prayers; and that is that our will be trans­formed into the will
of our Lord, rejoic­ing; and this He means when He says, I
make thee to will it…”

For the third, that we under­stand the fruit and the end of our
prayer: that is, to be one-ed to and like our Lord in everything.

And for this mean­ing and for this end was all this lov­ing les­son shown; and He wish­es to help us, if we will make our prayer just as He says Him­self — blessed may He be!

This is our Lord’s will:
that our prayer
and our trust
be both equal­ly great.

For if we do not trust as much as we pray,
we do incom­plete hon­or to our Lord in our prayer,
and also we delay and pain our­selves;
and the rea­son is, as I believe, because
we do not tru­ly acknowl­edge that our Lord is the ground on
which our prayer grows,
and also that we do not rec­og­nize that prayer is giv­en us by the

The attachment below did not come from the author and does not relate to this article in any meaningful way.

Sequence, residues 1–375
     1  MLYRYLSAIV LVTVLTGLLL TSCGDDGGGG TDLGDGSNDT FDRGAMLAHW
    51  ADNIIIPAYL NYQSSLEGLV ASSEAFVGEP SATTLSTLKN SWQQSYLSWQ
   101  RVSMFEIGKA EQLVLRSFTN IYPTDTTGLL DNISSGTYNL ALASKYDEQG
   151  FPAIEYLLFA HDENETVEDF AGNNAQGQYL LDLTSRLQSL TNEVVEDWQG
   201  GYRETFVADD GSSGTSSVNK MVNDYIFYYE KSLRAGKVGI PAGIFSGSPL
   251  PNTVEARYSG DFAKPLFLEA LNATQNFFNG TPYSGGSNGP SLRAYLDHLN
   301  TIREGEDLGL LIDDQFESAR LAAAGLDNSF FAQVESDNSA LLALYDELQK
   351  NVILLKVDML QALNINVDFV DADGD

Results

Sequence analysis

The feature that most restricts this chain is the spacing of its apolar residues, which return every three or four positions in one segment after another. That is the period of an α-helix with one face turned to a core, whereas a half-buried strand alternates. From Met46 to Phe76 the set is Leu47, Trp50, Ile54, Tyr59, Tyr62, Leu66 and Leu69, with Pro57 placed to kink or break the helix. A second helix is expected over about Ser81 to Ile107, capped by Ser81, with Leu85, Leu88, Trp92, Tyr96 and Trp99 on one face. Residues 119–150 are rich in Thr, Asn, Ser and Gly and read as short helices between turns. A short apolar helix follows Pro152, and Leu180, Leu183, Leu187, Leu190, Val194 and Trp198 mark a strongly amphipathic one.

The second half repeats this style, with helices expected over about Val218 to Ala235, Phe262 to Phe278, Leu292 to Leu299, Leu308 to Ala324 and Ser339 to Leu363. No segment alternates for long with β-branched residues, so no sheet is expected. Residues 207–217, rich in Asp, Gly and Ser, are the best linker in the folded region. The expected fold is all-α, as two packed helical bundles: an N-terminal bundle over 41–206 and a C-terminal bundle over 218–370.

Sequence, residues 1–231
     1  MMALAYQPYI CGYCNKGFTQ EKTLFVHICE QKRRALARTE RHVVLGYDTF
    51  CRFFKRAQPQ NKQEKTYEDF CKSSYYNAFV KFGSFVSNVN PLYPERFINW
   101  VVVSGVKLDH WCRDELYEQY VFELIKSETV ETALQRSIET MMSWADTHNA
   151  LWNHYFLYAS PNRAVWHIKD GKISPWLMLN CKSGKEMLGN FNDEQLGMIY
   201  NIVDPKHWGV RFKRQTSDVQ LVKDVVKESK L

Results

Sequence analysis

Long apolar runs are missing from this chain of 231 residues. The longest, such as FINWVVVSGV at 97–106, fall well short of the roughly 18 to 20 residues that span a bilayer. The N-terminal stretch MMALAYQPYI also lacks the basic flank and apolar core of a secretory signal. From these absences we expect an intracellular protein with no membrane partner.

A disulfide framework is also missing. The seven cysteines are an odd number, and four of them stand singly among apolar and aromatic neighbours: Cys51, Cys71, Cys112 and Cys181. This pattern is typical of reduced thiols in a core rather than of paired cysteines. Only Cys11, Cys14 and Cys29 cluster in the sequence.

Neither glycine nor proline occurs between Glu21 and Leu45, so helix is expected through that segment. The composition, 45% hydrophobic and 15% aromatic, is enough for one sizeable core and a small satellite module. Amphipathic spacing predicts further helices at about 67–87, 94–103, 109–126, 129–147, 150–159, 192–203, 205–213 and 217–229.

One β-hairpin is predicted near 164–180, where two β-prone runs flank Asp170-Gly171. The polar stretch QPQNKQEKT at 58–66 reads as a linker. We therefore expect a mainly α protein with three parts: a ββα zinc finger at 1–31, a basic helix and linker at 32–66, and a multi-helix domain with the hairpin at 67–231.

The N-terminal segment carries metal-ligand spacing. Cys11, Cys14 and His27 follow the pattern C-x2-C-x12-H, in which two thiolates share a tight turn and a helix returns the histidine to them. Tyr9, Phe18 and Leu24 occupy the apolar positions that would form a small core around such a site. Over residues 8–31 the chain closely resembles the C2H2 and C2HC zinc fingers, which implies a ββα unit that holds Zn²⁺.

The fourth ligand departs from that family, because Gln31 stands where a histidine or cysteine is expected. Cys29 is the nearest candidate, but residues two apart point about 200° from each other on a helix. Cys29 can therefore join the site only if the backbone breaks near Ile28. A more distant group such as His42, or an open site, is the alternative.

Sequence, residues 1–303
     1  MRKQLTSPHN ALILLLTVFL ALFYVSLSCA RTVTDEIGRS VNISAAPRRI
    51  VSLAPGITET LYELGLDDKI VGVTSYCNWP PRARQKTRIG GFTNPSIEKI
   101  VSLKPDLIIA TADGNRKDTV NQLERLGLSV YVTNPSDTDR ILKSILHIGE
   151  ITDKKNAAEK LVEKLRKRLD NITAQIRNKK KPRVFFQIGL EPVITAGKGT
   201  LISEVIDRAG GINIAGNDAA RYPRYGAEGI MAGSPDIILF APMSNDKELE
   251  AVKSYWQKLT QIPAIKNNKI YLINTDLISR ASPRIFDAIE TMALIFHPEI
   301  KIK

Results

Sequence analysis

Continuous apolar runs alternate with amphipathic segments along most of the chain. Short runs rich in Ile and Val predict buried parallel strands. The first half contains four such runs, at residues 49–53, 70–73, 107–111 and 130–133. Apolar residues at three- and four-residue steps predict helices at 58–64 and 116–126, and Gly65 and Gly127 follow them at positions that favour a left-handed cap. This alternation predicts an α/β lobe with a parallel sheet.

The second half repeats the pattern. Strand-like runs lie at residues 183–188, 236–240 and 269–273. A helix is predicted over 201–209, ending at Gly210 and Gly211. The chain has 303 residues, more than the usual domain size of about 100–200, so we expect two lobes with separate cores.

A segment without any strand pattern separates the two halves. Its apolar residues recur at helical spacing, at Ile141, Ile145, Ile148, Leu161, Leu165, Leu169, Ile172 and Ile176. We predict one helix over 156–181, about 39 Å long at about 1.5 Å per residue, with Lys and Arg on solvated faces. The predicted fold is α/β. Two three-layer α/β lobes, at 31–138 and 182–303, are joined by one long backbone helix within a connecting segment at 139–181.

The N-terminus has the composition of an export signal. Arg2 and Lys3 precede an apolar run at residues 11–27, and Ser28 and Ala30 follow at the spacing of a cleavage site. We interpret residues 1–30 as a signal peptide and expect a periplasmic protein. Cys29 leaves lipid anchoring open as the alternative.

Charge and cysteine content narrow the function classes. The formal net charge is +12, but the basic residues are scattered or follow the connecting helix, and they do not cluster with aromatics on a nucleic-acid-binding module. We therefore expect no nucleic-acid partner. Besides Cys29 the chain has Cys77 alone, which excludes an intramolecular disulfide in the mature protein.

grace of His love.
For if we knew this, it would make us trust that we would
receive, by our Lord’s gift, all that we desire.


I per­ceived in me five kinds of oper­a­tions, which are these:

and cer­tain hope:

rejoic­ing” because God gave me under­stand­ing and knowl­edge that it was Him­self that I saw;

mourn­ing,” and that was because of failing;

desire,” and that was that I might see Him ever more and more, under­stand­ing and acknowl­edg­ing that we shall nev­er have full rest till we see Him tru­ly and clear­ly in heaven;

fear” was because it seemed to me in all that time that that vision would fail and I would be left to myself;